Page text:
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    #13101 - 04/05/08 12:48 PM GIfted IQ ranges in regular classroom?
    Dazed&Confuzed Offline
    Member

    Registered: 04/05/08
    Posts: 1815
    Hello all. This is my first time posting. You all seem very knowledgeable and supportive. I’ve recently received my son’s WISCIV scores and am trying to determine what they mean from a practical standpoint. He is in 2nd grade and constantly complains about how boring school is, how he doesn’t learn anything, all he does is learn things he already knows. I’ve read in “Parenting Gifted Kids” that Children w/ 130-140 IQ range can often be accommodated in regular classrooms where teachers adjust the curriculum and social and emotional difficulties are uncommon. Children with IQ’s in the 140-160 range can seldom be accommodated sufficiently in an educational environment that merely stretches or enriches the curriculum. Too, agemates may offer little sustenance as these kids prefer adults.

    I think my son is somewhere in the middle of these two ranges. He does not have social issues with kids his own age. He’s a very easy going fellow. The teacher says he is advanced in most areas. Have you found the above classification to be accurate generally? I realize that so much of this boils down to personality and you absolutely can't just look at numbers but I would also like to have some scale such as the above to share w/ the teacher. Do you feel comfortable using GAI over FSIQ in referring to the information above? I will schedule WJIII testing soon. I think those scores will be more helpful in advocating for DS at school.

    Thank you!
    Dazed&Confuzed

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    #13104 - 04/05/08 01:19 PM Re: GIfted IQ ranges in regular classroom? [Re: Dazed&Confuzed]
    Kriston Offline
    Member

    Registered: 09/19/07
    Posts: 6145
    Loc: Midwest
    No, I wouldn't say that's very accurate. In part because it treats IQ as a single, monolithic number. A child can have PG scores in one area and have the overall IQ score pulled down by things less tied to GTness (like Processing Speed, since smart does not always equal fast), yet still be bored silly in class. (BTW, that's where the GAI comes in. It leaves out those scores that aren't as closely tied to GTness.)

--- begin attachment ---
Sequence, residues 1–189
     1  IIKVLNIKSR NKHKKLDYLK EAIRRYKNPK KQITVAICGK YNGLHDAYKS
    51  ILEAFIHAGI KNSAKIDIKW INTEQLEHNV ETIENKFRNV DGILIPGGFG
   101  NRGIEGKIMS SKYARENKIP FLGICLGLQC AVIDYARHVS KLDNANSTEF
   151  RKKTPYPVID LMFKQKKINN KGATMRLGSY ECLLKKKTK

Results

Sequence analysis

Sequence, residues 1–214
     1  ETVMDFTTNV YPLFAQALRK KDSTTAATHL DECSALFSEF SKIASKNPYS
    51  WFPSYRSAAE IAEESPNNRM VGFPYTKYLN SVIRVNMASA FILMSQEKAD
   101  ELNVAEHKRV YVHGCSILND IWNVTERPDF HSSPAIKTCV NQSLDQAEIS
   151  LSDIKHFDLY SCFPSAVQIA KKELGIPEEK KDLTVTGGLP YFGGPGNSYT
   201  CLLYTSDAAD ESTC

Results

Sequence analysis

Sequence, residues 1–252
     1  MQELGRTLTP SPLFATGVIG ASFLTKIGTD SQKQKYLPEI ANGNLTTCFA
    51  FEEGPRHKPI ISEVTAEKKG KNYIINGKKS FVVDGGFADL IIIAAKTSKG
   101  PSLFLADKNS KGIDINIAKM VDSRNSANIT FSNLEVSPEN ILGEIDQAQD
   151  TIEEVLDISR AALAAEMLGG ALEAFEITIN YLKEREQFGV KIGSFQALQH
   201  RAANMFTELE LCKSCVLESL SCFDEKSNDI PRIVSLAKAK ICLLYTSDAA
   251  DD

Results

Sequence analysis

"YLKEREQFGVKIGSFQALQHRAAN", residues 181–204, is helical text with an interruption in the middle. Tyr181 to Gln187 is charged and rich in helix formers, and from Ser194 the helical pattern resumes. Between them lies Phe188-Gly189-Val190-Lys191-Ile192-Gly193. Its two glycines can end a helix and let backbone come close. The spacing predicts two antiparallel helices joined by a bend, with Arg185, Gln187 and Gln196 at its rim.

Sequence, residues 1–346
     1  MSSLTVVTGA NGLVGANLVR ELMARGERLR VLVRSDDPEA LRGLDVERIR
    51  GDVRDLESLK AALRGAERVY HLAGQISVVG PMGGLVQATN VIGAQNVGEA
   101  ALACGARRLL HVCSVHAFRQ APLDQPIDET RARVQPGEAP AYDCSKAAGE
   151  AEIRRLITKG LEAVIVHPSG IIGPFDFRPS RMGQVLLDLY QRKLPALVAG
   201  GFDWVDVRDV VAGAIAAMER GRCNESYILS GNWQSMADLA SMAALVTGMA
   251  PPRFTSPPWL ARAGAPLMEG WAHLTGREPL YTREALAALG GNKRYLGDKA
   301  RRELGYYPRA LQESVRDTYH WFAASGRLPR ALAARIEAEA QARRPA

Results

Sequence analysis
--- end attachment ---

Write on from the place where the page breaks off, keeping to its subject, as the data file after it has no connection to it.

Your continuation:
My DS6 has an overall FSIQ score just under 140, but with a PRI that was well into in the upper range that you listed. He was bored, angry, miserable and even began acting out in first grade, which was totally unlike him. All of this is why we had his IQ tested. When we saw his scores and looked at the behavior we had been seeing, everything made sense. We pulled him out of public school for homeschooling. If he were to go back to our public school, he would almost certainly have to be grade skipped. But our choice had MUCH more to do with his level of happiness than with his scores. The scores just explained the unhappiness.

    Then there are kids who are HG+, with scores in that upper range, who are very happy in a regular age-based classroom. Granted they do usually require significant adaptation--at least subject acceleration--but if the regular classroom meets their needs, those kids are very happy.

    Scores are one part of the puzzle that can help to make sense of what a kid needs and why. But making decisions based solely or even mainly on one score on one test on one day isn't very sensible. If you're just looking for trends, maybe you could use that as an argument with the school, but it's not something I'd want to stand behind personally. FWIW...

    As for GAI over FSIQ--what's the spread between the subtests? GAI is very useful if there's a large spread somewhere.

    I don't know if this helps...
    _________________________
    Kriston

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    #13110 - 04/05/08 02:01 PM Re: GIfted IQ ranges in regular classroom? [Re: Dottie]
    Kriston Offline
    Member

    Registered: 09/19/07
    Posts: 6145
    Loc: Midwest
    And why should Dazed be any different than the rest of us who are equally dazed and confused by all of this GT stuff!? LOL!
    _________________________
    Kriston

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    #13117 - 04/05/08 03:46 PM Re: GIfted IQ ranges in regular classroom? [Re: Kriston]
    Dazed&Confuzed Offline
    Member